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Comment Re:huh (Score 2) 591

The tag line for /. has always been "News for nerds, stuff that matters".

It's not specifically news just for nerds as anyone benefits by having informed knowledge of world events. I would say it would fall under stuff that matters. If it's not news for you, or something that matters to you, just skip over the article and read the next one.

Comment Re:Oh brother -- more idiotic 3D UI (Score 2) 93

3D UI's don't work (well) because they are horribly inefficient.

When it came time for an (almost) complete novice to navigate a complex theme park security system to lock it down before a velocaraptor ate her for dinner, what type of UI did they use? A friggin 3D UI on a Unix system. If it's good enough in that case, it's good enough anywhere.

Comment Re:Fact check or PC checking? (Score 5, Informative) 337

The actual wording of the textbook reads:

The African Slave Trade between the 1500s and 1800s brought millions of workers from Africa to the southern United States to work on agricultural plantations.

While that alone may technically be accurate, it's a great mischaracterization of the situation. It's even more egregious because the section of the book it's in is under "Patterns of Immigration". It's not really immigration when it's a forced migration to a place you're not even recognized as a full human let alone any chance, at that time, of being a citizen.

Comment Re:Donald Trump just got another point... (Score 1) 275

I'd rather see 1M Syrians forced to stare down ISIS than see the status quo continue and help ensure a steady supply of potential excuses for abridging our rights.

Unfortunately, for the Syrians as well as us, one very plausible outcome is that the Syrians refugees are left to fend for themselves AND our rights continue to be trampled. It's not sliding scale where one gives way to the other. Anything that gives TPTB more power, more control, and more money is their goal.

Comment Re:Joe Barton? (Score 5, Informative) 275

Where do these people get their science?

The Bible.

A friend shared a page from about how carbon dating isn't necessarily accurate. I stopped reading when I got to this passage:

When a scientist's interpretation of data does not match the clear meaning of the text in the Bible, we should never reinterpret the Bible. God knows just what He meant to say, and His understanding of science is infallible, whereas ours is fallible.

So yes, you are absolutely right. People do get their science from The Bible. Because it's the absolute word of God. As heard by man. And told to other men. And eventually written down by man as best as they could remember. And translated by man. And reinterpreted by man to fit their various beliefs even if they are self contradictory. But exactly verbatim what God said.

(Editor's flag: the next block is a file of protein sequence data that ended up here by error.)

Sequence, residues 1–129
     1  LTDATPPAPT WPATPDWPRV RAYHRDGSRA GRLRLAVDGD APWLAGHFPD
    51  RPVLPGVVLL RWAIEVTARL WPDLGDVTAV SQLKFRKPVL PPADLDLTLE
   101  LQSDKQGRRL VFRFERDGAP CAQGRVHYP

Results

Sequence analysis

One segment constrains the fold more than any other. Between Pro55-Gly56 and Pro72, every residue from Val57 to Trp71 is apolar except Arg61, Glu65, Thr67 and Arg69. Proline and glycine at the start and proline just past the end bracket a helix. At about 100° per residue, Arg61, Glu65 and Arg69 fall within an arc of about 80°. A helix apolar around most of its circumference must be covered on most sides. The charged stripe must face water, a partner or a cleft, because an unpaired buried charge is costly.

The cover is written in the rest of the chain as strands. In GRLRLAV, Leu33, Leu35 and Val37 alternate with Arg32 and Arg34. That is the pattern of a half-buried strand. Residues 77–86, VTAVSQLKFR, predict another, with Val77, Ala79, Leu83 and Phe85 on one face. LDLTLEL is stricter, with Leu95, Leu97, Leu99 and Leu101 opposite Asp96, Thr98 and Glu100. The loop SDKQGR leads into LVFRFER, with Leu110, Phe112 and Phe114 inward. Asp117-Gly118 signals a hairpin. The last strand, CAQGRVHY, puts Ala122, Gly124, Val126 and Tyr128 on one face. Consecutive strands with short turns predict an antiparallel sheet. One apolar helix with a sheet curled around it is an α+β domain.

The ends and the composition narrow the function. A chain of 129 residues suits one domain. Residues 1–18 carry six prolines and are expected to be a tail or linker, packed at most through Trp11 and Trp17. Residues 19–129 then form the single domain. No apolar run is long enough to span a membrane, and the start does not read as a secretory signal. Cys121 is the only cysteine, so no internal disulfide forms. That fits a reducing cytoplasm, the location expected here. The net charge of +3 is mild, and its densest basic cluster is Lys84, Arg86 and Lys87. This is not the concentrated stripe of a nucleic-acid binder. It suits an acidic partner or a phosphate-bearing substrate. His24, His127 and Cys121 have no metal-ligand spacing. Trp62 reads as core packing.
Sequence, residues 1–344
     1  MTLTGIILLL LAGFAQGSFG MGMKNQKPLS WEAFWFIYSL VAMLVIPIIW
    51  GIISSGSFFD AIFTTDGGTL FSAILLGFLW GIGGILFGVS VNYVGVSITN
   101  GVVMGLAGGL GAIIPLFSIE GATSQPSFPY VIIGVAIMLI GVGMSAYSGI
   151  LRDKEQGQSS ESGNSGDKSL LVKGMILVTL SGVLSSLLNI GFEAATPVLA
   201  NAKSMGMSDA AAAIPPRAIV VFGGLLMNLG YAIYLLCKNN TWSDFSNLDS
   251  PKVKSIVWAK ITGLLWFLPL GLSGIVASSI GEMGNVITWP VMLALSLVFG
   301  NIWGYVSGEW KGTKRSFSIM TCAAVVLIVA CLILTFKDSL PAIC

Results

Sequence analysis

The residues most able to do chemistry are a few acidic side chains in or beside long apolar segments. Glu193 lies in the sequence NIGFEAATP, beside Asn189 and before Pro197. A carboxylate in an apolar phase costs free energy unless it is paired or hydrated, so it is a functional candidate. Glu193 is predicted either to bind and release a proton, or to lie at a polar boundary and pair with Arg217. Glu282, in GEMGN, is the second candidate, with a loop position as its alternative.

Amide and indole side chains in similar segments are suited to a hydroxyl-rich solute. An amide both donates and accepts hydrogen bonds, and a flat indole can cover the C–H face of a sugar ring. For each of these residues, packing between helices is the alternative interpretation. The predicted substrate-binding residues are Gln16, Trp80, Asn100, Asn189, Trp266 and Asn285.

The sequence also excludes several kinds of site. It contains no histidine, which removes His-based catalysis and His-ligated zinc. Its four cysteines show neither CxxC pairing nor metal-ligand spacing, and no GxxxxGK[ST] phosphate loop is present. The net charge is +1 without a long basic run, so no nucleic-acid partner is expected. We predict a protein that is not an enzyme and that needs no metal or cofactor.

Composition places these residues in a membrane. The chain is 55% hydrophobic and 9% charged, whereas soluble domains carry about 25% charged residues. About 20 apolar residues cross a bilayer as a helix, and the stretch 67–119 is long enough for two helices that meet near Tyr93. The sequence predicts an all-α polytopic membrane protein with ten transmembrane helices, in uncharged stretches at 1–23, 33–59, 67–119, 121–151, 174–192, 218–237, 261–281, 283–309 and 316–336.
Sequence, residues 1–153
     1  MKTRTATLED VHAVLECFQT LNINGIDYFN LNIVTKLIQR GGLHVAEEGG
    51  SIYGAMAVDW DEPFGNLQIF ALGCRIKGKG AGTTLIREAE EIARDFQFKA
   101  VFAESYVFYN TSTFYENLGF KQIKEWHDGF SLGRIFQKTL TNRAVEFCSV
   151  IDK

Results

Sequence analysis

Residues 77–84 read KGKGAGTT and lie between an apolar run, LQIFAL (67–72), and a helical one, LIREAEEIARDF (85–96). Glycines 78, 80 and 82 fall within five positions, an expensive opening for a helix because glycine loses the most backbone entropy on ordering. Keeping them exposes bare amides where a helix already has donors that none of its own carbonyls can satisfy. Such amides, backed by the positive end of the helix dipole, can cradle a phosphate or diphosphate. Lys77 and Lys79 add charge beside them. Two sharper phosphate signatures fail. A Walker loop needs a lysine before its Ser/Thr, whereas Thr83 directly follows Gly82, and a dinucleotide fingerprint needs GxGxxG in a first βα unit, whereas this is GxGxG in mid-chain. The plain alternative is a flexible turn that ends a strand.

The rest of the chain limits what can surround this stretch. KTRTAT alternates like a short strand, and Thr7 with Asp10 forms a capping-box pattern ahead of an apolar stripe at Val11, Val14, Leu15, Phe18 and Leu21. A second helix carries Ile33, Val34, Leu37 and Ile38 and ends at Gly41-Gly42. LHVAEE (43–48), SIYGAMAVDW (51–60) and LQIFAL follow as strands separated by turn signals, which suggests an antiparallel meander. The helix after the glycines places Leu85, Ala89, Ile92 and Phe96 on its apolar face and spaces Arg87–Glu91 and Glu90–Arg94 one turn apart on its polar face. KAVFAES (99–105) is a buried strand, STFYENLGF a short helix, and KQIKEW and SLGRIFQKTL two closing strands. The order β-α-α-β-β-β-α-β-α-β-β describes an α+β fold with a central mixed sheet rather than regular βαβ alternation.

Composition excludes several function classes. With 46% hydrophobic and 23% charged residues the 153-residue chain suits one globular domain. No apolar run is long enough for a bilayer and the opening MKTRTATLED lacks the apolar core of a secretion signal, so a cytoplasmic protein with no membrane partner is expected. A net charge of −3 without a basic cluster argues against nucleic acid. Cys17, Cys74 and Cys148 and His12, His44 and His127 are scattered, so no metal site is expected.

Comment Goes both ways (Score 5, Interesting) 119

Microcomplaints may make a mountain out of a mole hill, but it may also give management (or at least someone higher up the food chain) and opportunity to earn back business.

Several years ago I ordered a mattress online at Sam's club. I waited for it to be delivered. And waited. And waited. After missing several dates it turns out that their vendor screwed up the order and it never even went into manufacturing despite being told that it had really been shipped. None of the CSRs at Sam's club or the vendor really cared about me or gave me any options other than keep waiting. Walmart Corporate got a hold of me after I posted several microcomplaints online and satisfied my situation much in my benefit within a few hours. Instead of losing my business forever (especially since a Costco just recently opened, they earned it back).

Comment Re:Not justified (Score 1) 137

Substantial resources? Seriously? That's a basic shell script to run a bunch of DNS resolutions and then add the addresses into an existing Firewall drop policy. That's sys/net management 100 level stuff.

Yeah that'll get em. So now Dad will just have to ask his middle school aged kid how to circumvent the block. With alternative hostnames, IPs, VPNs, proxies, etc..., not to just mention new sites, it's not like people are going to be slowed down much. At best, it will just prevent the casual curious user from looking into the sites much.

Comment Re:Summary lesson: Physical access trumps all. (Score 1) 73

I thought the entire point of full disk encryption was to keep your data safe even if the computer is stolen. If FDE is not effective against that, then why bother? It's not like FDE protects you from online attacks so if it can't protect you from physical theft, what can it protect you from?

It's not like a deadbolt prevents your house from being broken into, or a locked door on your car, but it's a lot better than nothing.

Drive encryption likely stops the casual thief, but it's not perfect. And like the XKCD comic, if they REALLY want the contents of your drive, they're going to use a $5 wrench as the master key.

Comment Re:20 years? (Score 2) 406

Do you think consumer electronics that have seen a nominal amount of usage over 20 years will be still working? Probably not, and that includes your telephone example.

Ever seen a Model 500 telephone or one of it's successors? Chances are that they are well over 20 years old. Some that are still in use may have been 20 years old 20 years ago.

The trouble with being poor is that it takes up all your time.